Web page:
As of Thursday, the Army Corps of Engineers reported the lake’s elevation at 685.28 feet msl (normal conservation pool: 662.00 feet msl; top flood elevation is 695.00 feet msl). Total outflow from the dam is 18,049 cfs, and releases have been constant this week. The reported lake elevation at Table Rock Lake was 917.08 feet msl (normal conservation pool: 916.58 feet msl; top flood elevation is 931.0 feet msl), with outflow of 3,460 cfs.
(updated 6-16-2022) Del Colvin at Bull Shoals Lake Boat Dock said Thursday morning that the high lake is still proving problematic for some folks trying to find a parking spot. The limited parking with water up in some of the lot can be an issue, so plan your visit ahead.
Despite the high water, Del says, the lake is “really clear in the main part.” The back of the bigger creeks have stain, he said. The water temperature is ranging about 79 degrees.
An early topwater bite has been key. Target windy, main lake secondary points, especially when the Army Corps of Engineers is generating water from the dam. Use a topwater lure, an LC Gunfish or a Zara Spook. Or get in the back of feeder creeks that have shad. The creek fish have pulled back with the water dropping some. The topwater bite will end when the sun starts getting high. Slow-dragging a Jewel Special Ops football jig in green pumping orange or variations of that is a good way to fish. Keep your boat around 30 feet. A lot of fish are on the old shoreline. The flipping bite is tougher now as the submerged vegetation is starting to lose its leaves. Around standing timber and laydowns, use a Beaver or big worm, or small jigs. The drop-shot bite has been heating up. As always, fish the conditions.
Visit Del’s YouTube site (Bull Shoals Lake Boat Dock) for more information and tips on fishing Bull Shoals Lake.
As of Thursday, the Army Corps of Engineers reported the lake’s elevation at 560.99 feet msl (normal conservation pool: Sept.-April, 553.75 feet msl; April-Sept. 556.48 feet msl; top flood elevation 580.0 feet msl). Total outflow from Norfork Dam at noon Thursday was 5,707 cfs.
(updated 6-23-2022) Steven “Scuba Steve” Street at Blackburn’s Resort said the lake level is 570.30 feet msl and has dropped almost 3 feet from its recent high on June 6. The surface water temperature is 87 degrees and the lake looks clear from the surface but is cloudy down past about 12 feet and then clear again at about 25 feet. Some fish are going deeper with the hot weather and increasing surface temperature, and some nice stripers and walleye are being caught on shad anywhere from 50-60 feet of water and at various depths on the jigging spoon and dragging umbrellas through the shad. The early morning bite is the best. Other walleye are on main lake points from 16-25 feet near the bottom. Some crappie are still back in the creeks on wood but many are under docks in the shade. There is a topwater bite some days early but are mostly small bass. Other bass are still in the buckbrush in the evening and are hitting creature baits and plastic worms. Catfishing is fair on throw lines and jugs in 20 feet of water with live bait. The lake overall is in good condition and the level drop is welcome.
For a daily fishing report and lake condition go to www.blackburnsresort.com and click on Scuba Steve's Blog.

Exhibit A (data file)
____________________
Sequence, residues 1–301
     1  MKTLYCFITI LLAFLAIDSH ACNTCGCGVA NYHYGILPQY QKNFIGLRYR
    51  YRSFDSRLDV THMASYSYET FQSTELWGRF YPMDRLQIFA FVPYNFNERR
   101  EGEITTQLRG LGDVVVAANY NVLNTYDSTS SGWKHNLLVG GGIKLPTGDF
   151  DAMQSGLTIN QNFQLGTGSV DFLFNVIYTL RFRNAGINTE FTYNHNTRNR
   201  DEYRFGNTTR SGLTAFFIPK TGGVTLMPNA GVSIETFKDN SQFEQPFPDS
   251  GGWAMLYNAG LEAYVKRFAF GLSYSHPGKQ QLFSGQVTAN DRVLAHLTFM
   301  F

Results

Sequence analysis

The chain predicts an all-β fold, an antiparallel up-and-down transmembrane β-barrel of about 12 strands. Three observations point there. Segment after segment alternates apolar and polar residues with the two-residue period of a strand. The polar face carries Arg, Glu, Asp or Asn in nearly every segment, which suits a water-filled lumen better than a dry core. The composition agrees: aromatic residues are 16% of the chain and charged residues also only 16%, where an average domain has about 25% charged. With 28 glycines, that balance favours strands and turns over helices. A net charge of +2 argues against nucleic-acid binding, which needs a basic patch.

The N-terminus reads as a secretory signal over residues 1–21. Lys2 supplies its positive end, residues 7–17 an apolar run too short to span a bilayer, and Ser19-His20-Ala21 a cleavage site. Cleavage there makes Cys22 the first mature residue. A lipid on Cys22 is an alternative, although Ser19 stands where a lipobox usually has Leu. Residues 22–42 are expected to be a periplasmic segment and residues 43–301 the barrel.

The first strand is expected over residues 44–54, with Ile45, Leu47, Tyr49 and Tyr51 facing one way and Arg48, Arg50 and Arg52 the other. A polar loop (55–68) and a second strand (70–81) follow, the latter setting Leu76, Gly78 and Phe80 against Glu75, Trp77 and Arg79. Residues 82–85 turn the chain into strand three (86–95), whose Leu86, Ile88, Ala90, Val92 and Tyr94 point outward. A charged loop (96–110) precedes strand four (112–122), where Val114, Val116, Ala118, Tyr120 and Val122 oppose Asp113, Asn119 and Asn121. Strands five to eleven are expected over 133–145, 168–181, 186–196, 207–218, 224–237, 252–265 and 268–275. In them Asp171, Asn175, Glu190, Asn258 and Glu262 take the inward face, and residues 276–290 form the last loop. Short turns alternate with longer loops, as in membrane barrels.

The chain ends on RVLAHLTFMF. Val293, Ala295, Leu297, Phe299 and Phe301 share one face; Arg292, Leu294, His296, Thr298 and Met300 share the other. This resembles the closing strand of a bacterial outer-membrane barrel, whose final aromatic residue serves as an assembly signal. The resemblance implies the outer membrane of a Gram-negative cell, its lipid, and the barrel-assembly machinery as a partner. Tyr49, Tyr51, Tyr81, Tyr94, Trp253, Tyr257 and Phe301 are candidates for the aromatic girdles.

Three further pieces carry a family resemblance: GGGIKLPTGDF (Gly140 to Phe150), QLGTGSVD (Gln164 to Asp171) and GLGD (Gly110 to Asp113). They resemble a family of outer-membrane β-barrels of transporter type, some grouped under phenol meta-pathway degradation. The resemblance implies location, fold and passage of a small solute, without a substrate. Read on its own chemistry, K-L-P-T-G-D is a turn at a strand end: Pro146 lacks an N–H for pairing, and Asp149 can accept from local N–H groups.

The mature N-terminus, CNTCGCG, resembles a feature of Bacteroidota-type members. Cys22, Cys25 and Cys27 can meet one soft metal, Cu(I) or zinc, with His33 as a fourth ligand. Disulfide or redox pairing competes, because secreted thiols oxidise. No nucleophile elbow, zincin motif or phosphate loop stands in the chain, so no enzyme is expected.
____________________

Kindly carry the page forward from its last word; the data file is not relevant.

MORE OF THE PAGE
(updated 6-23-2022) John Berry of Berry Brothers Guide Service in Cotter (870-435-2169) said Norfork Lake fell 1.8 feet to rest at 14.9 feet above power pool of 556.6 feet msl and 9.5 feet below the top of flood pool. There has been no wadable water on the Norfork and it fished poorly. The most productive flies have been small midge patterns like zebra midges (black or red with silver wire and silver bead). Grasshoppers have produced fish, particularly when used in conjunction with a small nymph dropper (try a size 20 black zebra midge). Double-fly nymph rigs have been very effective. Try a small bead-headed nymph (zebra midge, copper John or pheasant tail) suspended 18 inches below a brightly colored San Juan worm (hot fluorescent pink or cerise). The fishing is much better in the morning and late afternoon and tapers off midday.
Dry Run Creek has fished moderately. School is out and the creek is busy. Weekends can get quite crowded. The hot flies have been sowbugs and various colored San Juan worms (worm brown, red, hot fluorescent pink and cerise). Small orange or peach eggs have been very effective. Carry a large net, as most fish are lost at the net.
John also said, “I have been guiding on Dry Run Creek for over 30 years. During this time I have learned a thing or two. I consider it to be the most challenging place to guide. The fish are truly huge. They receive a ton of pressure and have all been hooked several times before. They are a bit skittish. The typical angler on Dry Run Creek is around 10 years of age and has never fly-fished. They are expected to land large, wily trout that would challenge an experienced adult angler. Ninety percent of the fish are caught by 10 percent of the anglers.
“My client Russ brought his grandson, Austin. This is the second grandchild that he has had me guide (there is one more). He brings them one at a time so that they get plenty of individual attention. Austin was 12 and had fished, but had never fly-fished.
“We started at my favorite spot and could only land a 7-inch rainbow. The previous week my young client had hooked a 12-pounder. We decided to move on. Our second spot produced nothing. We moved again and were rewarded with three nice rainbows. We lost a good one and I explained that on a big one you can’t horse them in. You have to let them run and wear them down before you can net them.